• Authorizes the GSA to allow the American Red Cross to distribute stuff the government bought during disaster response.
  • Amends a 2002 law that allows the Rural Utility Service to make energy efficiency loans, to make them interest free.
Resolutions, each requiring separate votes, expressing the sense of the Senate regarding…

  • Honoring the Oklahoma National Guard service since 9/11/2001.
  • Designating this month as “National Preparedness Month.”
  • Recognizing “National Prostate Cancer Awareness Month.”
  • Recognizing the victory in the America’s Cup race.
  • Remembering Ralph Smeed.
  • Remembering Bobby Eugene Hannon.
  • Commending the entertainment industry’s encouragement of interest in science, technology, engineering and mathematics.

Judicial Confirmation Votes

  • Confirmation of the nomination of Jane Stranch to be U.S. Circuit Judge for the Sixth Circuit (held hostage for 400 days). Judge Stranch was confirmed.

Procedural Votes

  • Four cloture motions were scheduled with respect to the Small Business Jobs bill (held hostage since June), which would create a $30 billion small business lending fund, funnelled though banks holding less than $10 billion in assets, and provide $12 billion in tax breaks to help small businesses grow and add new employees. Two Republicans, Sen. George Voinovich [R, OH] and Sen. George LeMieux [R, FL] voted with every Democrat in favor, making the other motions moot and allowing a vote on the bill.

Legislation (note: in addition to lobbyists’ new business, the Senate has 372 bills yet to be acted on in this session that have been passed in the house – most of them non-controversial and passed by an overwhelming and bi-partisan majority (only 16 of the 372 by less than 60% support), but are being held hostage in the Senate by secret holds, threats of filibuster by the party of no and legislative shenanigans)…

  • No votes are scheduled, but it is expected that the Small Business Jobs will be voted on late Thursday. Update: the bill passed on a 61-38 vote, Thursday, so they can go home for the weekend.
Acknowledgement: This post was inspired by and much of the content derived from OpenCongress.com – a non-profit, independent public resource. Other sources for this story include Senate.gov, ThinkProgress.org,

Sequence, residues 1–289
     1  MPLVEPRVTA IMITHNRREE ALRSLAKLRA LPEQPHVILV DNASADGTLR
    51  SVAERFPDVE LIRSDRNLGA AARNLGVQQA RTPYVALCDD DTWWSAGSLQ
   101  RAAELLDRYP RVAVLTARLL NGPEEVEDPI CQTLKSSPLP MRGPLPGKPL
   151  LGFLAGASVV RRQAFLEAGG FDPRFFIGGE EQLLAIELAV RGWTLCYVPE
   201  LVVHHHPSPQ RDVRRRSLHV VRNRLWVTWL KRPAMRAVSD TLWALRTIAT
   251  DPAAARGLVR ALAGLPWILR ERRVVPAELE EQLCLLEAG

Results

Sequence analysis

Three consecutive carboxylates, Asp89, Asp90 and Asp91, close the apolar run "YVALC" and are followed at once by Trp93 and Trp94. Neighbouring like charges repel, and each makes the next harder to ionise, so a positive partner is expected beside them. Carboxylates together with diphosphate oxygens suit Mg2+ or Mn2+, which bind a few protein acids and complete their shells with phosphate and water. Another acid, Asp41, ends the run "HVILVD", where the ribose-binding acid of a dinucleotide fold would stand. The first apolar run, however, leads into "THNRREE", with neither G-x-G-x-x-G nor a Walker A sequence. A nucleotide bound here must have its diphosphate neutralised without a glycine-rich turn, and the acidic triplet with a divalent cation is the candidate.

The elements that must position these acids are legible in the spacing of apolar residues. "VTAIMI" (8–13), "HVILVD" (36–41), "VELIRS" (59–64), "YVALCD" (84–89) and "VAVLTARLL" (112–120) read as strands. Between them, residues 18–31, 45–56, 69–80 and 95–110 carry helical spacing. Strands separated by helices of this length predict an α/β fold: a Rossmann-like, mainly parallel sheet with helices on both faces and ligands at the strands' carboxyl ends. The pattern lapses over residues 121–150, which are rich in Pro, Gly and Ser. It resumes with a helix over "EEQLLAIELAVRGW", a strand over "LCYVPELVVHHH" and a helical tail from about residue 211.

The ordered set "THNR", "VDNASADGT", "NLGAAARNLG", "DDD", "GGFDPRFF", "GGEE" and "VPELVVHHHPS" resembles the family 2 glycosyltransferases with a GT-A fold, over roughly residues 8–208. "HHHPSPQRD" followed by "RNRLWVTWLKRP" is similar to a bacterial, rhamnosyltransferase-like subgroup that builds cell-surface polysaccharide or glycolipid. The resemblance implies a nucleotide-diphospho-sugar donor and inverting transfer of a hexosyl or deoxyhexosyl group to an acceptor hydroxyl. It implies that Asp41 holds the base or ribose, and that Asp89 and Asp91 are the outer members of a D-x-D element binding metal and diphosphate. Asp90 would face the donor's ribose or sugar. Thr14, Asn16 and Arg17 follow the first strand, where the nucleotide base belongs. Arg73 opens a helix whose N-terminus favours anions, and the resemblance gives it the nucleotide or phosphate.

The verdict’s in

I was called for jury duty this week. Having polled the 300 jurors-in-waiting for Fulton County Court, our judgement was unanimous: if the price of voting is jury duty, we need to demand better candidates.

It is a tradition to bitch and moan about being called to jury duty, but with almost no exception, those of us summoned, recognized that jury duty is a humbling honor. Plus, it is a once a year chance to be in a room for a day filled with your peers.

I was again reminded of how diverse our citizen peers truly are. Beautiful people of all shapes, shades, sizes and political persuasion. Admittedly, my peer group was from voter registration rolls and are made of those who are old enough and take their obligations as a citizen seriously enough to vote, receive their mailed summons and show up for jury duty dressed suitably for court. Try as they might, the jury room staff had a tough time with the pronunciation of my Asian-Georgian, Middle-Eastern-Georgian, and Hispanic-Georgian brethren – often generating some good-natured chuckles and almost always requiring the spelling of the names that were called to have them recognized and answered.

I struck up a conversation with a woman from North Fulton during the time between announcements. Roughly half of Fulton County is “outside the perimeter” in a land similar to Cobb County, which generates high ratings for talk radio, Republicans and handgun sales. We immediately found our common ground: we both had been summoned to jury duty (OK, and both middle-aged and a few pounds past our prime).

I baited her about the current governor’s race, and she offered, “Georgia needs someone who could get something done – not like that Roy Barnes.”

I asked her what she thought those important things were. She responded, “like standing up for states’ rights.”